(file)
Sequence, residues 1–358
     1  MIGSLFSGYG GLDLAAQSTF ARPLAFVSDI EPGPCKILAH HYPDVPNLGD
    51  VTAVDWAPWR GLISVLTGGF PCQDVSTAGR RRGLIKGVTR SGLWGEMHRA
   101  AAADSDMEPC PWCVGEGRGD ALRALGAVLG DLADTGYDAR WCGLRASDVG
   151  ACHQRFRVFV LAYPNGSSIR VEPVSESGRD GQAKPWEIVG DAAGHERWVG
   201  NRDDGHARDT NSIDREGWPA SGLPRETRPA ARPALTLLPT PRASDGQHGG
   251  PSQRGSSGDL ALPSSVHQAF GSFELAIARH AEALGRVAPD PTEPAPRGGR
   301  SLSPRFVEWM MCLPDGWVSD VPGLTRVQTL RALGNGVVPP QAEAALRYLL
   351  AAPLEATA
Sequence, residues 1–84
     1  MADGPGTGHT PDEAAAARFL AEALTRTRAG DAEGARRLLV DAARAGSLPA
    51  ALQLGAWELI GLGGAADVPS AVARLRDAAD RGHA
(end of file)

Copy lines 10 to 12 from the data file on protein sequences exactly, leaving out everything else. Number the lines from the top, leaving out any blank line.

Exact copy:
Sequence, residues 1–84
     1  MADGPGTGHT PDEAAAARFL AEALTRTRAG DAEGARRLLV DAARAGSLPA
    51  ALQLGAWELI GLGGAADVPS AVARLRDAAD RGHA